Building a new home

For how small Raglan is, there’s been an absolute bucket load of new houses being built over the last few years and that will continue for years to come largely thanks to the Rangitahi development. 

Having both built homes ourselves and having assisted hundreds of families build homes over the years, Brendan and I know that building your own home is one of the most rewarding milestones you can achieve. It can also be one of the most stressful times of your life – we’ve seen plenty of people at their wits end wondering why they ever decided to build.

When building a house, if the foundations aren’t right the rest of the project is in trouble. It’s the same with the finance – if the money’s not sorted properly before the build contract is signed, then you’re in for a fraught and stressful process.

Here are our top tips to make your build go smoothly:

1. Do your home work on your builder. Speak to several people that have recently completed builds with them – are they happy with the end result and how was the process? Ask if you can visit the homes to check the quality of work. Talk to people in the construction industry to make sure they’re paying their suppliers etc.

2. Get a build finance ‘pre-approval’ before going too far with your design/house plans. We’ve seen plenty of people who have spent a lot of time and money on house plans only to find out they can’t borrow enough to build their design. A pre-approval lets you know your budget and you can then design within that critical constraint.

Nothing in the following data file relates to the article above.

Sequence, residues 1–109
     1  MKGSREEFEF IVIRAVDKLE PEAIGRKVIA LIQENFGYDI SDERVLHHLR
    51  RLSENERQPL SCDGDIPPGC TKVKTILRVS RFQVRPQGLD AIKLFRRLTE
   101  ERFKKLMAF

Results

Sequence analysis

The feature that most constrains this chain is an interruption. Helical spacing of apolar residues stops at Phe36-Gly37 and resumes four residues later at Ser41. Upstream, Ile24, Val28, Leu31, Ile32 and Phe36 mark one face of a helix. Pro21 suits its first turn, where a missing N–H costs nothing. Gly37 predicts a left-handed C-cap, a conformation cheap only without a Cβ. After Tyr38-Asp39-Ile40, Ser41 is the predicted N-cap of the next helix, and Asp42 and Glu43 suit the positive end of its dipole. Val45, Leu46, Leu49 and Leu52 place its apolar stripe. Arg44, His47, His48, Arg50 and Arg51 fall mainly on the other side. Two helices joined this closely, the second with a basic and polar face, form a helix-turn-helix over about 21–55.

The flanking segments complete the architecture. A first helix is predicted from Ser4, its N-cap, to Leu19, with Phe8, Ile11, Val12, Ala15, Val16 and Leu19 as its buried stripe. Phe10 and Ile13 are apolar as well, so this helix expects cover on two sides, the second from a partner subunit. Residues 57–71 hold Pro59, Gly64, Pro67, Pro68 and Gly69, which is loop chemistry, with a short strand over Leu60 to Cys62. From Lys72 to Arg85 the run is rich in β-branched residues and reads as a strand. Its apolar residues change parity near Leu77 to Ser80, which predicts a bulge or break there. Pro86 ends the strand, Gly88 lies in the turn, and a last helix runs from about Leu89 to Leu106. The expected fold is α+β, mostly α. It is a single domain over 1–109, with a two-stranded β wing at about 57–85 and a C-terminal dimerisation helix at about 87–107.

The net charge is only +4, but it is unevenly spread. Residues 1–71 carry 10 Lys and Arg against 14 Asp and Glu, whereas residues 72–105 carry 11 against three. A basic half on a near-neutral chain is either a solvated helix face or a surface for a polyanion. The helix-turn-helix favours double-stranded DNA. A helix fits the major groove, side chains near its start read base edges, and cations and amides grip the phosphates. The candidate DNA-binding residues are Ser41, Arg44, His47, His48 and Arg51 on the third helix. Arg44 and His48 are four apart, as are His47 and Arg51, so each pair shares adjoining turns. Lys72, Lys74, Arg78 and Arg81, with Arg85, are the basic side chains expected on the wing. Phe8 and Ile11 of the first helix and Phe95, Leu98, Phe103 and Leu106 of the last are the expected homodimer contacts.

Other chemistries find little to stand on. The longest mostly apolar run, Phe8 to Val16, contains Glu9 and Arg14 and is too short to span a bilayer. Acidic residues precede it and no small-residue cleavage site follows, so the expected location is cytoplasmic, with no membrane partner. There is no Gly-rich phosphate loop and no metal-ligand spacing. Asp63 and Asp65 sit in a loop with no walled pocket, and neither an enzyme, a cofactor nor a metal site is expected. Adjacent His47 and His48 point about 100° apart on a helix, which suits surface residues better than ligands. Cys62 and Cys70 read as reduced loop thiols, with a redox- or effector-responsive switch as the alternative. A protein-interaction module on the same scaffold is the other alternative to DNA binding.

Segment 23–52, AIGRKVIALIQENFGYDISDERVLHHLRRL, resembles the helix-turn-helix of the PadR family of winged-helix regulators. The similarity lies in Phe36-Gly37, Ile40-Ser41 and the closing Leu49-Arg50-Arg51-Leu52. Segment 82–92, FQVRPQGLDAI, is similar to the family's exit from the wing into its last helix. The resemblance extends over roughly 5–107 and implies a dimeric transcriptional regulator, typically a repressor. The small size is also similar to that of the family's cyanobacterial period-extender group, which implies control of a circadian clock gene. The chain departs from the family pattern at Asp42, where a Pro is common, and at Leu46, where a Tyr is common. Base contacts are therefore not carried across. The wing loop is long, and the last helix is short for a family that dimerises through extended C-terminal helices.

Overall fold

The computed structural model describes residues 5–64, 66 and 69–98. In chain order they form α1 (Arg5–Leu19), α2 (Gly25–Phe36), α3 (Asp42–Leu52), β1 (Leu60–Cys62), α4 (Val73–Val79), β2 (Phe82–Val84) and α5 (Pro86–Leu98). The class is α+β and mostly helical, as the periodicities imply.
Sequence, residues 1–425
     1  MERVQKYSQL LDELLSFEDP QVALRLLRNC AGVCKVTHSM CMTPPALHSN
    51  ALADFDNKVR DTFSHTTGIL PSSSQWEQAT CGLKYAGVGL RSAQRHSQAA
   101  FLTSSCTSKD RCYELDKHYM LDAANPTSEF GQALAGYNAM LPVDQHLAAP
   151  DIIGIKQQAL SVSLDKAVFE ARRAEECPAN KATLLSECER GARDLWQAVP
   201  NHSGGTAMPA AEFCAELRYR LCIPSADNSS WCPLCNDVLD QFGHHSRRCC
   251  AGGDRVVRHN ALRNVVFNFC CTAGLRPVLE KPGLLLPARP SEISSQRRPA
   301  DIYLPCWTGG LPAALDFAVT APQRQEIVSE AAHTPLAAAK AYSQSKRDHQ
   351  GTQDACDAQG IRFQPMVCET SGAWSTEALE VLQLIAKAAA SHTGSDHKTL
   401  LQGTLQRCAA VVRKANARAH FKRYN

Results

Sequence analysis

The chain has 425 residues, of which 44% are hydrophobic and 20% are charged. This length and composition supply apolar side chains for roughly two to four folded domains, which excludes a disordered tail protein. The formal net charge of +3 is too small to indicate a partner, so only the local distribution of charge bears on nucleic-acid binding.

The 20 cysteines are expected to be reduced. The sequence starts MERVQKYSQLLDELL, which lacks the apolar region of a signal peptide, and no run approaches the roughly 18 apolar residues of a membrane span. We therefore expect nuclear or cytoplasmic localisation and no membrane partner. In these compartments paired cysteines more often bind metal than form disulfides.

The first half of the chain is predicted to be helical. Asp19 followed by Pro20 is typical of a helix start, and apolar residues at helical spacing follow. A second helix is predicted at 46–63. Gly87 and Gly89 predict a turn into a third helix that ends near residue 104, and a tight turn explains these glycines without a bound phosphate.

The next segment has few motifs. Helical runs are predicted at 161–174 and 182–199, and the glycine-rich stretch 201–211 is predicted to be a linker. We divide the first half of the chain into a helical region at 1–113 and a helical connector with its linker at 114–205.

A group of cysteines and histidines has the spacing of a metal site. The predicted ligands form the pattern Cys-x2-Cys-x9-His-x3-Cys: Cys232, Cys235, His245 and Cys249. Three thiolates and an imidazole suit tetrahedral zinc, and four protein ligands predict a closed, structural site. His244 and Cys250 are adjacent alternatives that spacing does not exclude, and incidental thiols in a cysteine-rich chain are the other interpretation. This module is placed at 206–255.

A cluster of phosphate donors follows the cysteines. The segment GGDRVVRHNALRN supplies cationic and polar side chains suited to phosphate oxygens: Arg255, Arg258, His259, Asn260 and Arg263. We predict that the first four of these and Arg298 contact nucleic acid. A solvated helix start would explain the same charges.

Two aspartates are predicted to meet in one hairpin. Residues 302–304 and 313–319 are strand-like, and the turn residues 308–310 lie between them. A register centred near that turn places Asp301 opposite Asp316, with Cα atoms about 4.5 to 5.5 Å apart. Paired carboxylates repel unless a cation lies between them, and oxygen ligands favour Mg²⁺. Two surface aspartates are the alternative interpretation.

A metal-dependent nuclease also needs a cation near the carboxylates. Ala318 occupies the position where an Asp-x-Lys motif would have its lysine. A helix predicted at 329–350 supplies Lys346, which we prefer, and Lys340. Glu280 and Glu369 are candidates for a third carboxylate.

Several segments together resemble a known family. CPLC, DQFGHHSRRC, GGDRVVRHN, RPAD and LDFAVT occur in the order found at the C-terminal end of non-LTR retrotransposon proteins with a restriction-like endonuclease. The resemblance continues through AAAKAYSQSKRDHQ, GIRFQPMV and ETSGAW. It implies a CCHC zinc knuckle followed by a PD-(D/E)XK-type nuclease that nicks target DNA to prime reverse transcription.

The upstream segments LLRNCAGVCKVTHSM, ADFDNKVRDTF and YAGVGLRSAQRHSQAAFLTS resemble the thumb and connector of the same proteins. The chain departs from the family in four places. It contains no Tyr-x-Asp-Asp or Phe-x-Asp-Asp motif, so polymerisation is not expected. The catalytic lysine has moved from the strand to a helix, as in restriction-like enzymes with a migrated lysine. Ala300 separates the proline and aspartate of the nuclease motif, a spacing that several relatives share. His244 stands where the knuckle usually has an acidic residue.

3. Be very clear on any items that are excluded from your build contract. Asking your builder to put in writing a list of any exclusions can avoid some very awkward conversations and expensive overruns that you weren’t prepared for.

4. If considering a franchised ‘group home builder’, they often have in-house designers who will design the home at no charge. Whilst this cost saving can sound tempting, if you’re not able to get the design priced by outside builders you may get locked into the one builder and end up paying more in the end.

5. Don’t scrimp on the things you can’t change later, such as joinery etc. Get those unchangeable things right and save money on cheaper kitchens, bathrooms etc. that you can update down the track when finances allow.

6. Don’t sign the contract with the builder until your bank is 100% happy with everything. There’s quite a process to go through before signing the contract – you need to ensure the bank is happy with the specifications, inclusions & exclusions, provisional sums (estimates for some items of the build), drawdown schedule, etc. Once they’re happy with those, the bank will most likely want a Registered Valuer to visit the property with the plans, specs and contract and do an ‘as is’ and ‘when completed’ valuation. When this is then also signed off by the bank you can then sign the build contract (note we recommend you have your Lawyer review any contracts before signing.)

Doing the above will minimise the potential for things going wrong, but don’t think there won’t be any problems. Building a house is a large and complex project and there will be issues to deal with along the way. Be flexible and open to compromises but also stand your ground on the things that really matter. Go for it; moving in day will be one of the best moments of your life!

Mortgage advisor Brett Wood. Contact Brett on  021 886 444  email

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